Tag Archives: using a pipe retort

Oh, Donna, I Wish I Read the Instructions First

Blog by Robert M. Boughton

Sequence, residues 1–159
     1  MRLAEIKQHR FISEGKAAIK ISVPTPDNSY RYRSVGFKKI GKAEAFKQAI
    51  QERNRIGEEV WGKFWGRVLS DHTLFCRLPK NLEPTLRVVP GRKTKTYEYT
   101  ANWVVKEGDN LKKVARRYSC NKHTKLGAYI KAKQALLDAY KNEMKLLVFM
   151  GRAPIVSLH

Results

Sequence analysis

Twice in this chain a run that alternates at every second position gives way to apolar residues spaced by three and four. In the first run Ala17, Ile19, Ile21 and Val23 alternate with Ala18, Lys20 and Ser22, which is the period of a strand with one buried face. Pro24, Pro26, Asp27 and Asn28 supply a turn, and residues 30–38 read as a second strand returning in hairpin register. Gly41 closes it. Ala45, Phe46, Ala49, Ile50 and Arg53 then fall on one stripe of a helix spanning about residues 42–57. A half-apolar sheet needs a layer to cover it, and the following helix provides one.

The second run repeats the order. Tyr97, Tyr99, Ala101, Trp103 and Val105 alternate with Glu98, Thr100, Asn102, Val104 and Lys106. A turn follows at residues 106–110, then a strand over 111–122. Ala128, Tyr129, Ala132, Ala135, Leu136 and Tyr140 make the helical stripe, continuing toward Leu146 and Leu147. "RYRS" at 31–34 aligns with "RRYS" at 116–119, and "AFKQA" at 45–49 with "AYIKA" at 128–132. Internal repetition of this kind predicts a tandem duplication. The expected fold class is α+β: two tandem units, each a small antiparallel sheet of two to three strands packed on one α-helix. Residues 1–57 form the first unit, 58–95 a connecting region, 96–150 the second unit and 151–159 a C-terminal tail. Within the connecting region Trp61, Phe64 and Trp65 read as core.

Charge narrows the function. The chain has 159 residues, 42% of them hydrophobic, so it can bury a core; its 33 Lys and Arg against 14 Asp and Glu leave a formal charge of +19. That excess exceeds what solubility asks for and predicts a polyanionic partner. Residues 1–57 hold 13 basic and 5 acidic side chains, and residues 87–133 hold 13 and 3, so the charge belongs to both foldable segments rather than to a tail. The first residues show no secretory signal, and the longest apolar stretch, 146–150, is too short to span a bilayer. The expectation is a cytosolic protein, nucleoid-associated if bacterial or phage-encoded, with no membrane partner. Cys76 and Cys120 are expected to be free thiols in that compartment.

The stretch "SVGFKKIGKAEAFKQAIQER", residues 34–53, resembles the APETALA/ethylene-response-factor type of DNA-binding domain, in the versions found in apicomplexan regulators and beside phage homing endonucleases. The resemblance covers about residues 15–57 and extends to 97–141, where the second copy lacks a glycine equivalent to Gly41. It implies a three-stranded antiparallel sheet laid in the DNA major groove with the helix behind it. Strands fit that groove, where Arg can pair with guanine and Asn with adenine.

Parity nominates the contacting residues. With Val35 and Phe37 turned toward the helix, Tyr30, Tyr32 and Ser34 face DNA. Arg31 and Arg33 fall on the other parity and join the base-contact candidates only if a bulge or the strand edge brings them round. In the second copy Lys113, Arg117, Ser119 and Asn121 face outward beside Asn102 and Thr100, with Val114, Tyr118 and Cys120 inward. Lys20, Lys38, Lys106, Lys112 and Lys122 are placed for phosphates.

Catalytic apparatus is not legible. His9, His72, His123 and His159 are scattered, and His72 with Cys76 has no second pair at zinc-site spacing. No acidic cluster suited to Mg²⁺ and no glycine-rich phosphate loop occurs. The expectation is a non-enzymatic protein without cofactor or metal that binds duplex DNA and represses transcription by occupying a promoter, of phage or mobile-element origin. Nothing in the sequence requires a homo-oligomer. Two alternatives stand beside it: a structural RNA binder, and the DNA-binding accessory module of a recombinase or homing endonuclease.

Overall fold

I remembered glancing at a blog Steve wrote about various methods for cleaning Perspex stems, but if I ever got to the most important lesson his years of work with the less forgiving form of acrylic taught him, I forgot it: “that you are never to use alcohol on Perspex!”  I’m not going to flagellate myself for waiting to revisit the blog until it was too late for my La Rocca Donna, but cripes, I wish I had not!  There are kinder, gentler ways to clean up the type of impenetrable brown mess that only long accretion of tobacco, nicotine and saliva can wreak on the airway of a stem that was once uncorrupted in its clarity, other than the standard approach I took.  Oh, well.  Lesson learned.  At least I seem to have avoided the tiny cracks in the stem that can result from contact with alcohol, but I suspect that some of the discoloration may have been fixed into the Perspex.